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Using mobile devices on your bike: New rules, new solutions

Chroniqueur techno

Québec cyclists are going to have to change some ingrained habits as a result of amendments to the Highway Safety Code that took effect on June 30, 2018. Some practices that were often tolerated in the past now carry hefty fines and stiff penalties.


It is now officially prohibited to use a cellphone or wear headphones while cycling. Cyclists cannot even put an earbud in one ear, which is allowed for drivers.


Safety first


I have to admit I myself have checked my cellphone and worn headphones while cycling. Mostly, I’ve done it to consult Google Maps. Even on a bike, it can be very helpful to see the directions you need to follow in order to stay on course.


I realize it’s not safe. Keeping one hand on the handlebar while pulling your phone from your pocket and then taking your eyes off the road for a few seconds to look at the screen is clearly unwise. I haven’t done it often, since Google Maps also gives you voice directions. Usually, I would put an earbud in my right ear, so I could still hear the traffic to my left while listening to the turn-by-turn directions.


However, the new rules ban these potential sources of distraction. It’s actually for the best: you’re vulnerable on a bike and you should be focused on the road at all times, especially when cycling on city streets. Cars and bicycles don’t always play nice together.


The good news is that with the miracle of modern technology, there’s always a solution!




SmartHalo: Full-featured GPS made in Québec


If you’re like me, a cyclist with a so-so sense of direction, SmartHalo might be just what the doctor ordered. It’s a made-in-Québec product that got its start with a crowdfunding campaign on KickStarter in 2015.


SmartHalo replaces your smartphone’s GPS when you’re on your bike. It looks like a light-up hockey puck and installs in the centre of the handlebar. After being paired with an app on your smartphone, the halo of light on the device shows turn-by-turn navigation.


And it does many other things besides. It serves as a bicycle light, an alarm in case of emergency, and a fitness app that stores your cycling stats (speed, distance, elevation, calories, etc.).


But for me, it’s most useful as a navigation aid. SmartHalo was designed by cycling geeks and has a bevy of route-finding options. If you want to get from point A to point B, you could go for the shortest and fastest route but that might not be the best option in every case. SmartHalo lets you choose the shortest route, or the easiest route (fewest hills), or the safest route (the one with the most bicycle paths) and so forth.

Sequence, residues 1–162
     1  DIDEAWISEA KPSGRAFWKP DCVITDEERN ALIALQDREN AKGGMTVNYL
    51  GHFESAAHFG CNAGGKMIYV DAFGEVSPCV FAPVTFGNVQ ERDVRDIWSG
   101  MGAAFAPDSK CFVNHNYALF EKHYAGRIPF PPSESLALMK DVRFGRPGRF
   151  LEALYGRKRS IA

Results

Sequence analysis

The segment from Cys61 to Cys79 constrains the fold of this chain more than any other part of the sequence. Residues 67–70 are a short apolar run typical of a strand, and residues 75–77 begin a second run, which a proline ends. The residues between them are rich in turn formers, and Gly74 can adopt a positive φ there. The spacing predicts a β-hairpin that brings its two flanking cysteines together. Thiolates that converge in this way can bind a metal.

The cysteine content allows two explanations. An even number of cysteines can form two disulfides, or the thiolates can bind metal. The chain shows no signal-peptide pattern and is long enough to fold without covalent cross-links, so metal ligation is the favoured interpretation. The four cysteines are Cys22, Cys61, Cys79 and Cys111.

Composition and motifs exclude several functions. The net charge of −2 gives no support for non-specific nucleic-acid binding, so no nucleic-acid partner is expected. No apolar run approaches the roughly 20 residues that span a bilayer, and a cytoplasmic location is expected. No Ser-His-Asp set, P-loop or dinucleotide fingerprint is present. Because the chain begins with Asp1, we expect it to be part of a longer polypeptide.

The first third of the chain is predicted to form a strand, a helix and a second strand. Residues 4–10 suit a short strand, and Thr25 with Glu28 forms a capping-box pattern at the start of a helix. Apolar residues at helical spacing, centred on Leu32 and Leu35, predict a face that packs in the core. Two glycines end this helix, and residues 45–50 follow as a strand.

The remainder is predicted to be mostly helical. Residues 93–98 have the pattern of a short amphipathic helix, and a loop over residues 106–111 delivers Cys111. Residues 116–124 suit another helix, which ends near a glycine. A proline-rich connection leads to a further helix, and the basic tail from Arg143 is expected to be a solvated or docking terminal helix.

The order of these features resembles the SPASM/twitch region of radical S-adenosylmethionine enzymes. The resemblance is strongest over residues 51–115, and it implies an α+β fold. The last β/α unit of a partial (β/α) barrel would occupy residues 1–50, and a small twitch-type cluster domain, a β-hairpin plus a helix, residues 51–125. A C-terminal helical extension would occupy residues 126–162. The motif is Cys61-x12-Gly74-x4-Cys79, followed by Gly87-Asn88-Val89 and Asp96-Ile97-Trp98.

Once you’ve selected your route, you just follow the halo of light on the handlebar. No more distractions from trying to juggle with your phone or listening on headphones while cycling.


Better than a phone mount


You would be justified in asking “why not just buy a bicycle mount for my phone?” That is definitely an option but it has some limitations:

  • Keeping your phone’s screen on can quickly drain the battery
  • The screen can be hard to read in bright sunlight
  • Smartphone navigation apps have interfaces that aren’t always ideal for cyclists


You can also add the risk of loss (and/or fatal damage) if the phone is not firmly attached, and the risk of forgetting your phone on your bike (it’s happened to me).


The new provisions in the Highway Safety Code promise to create more buzz around new tech devices like SmartHalo. Sébastien Faubeau, the company’s marketing director, believes the full impact of the new rules will be felt only in the medium and long term, once the law has been enforced for a while and cyclists become aware of it.


The fine for using a cellphone on your bike is $80 to $100. That may not be a fortune but is it really money well spent? If you want a GPS on your bike, it might make more sense to shell out for a simple, safe, intuitive solution from a Québec company.


Get the Smarthalo!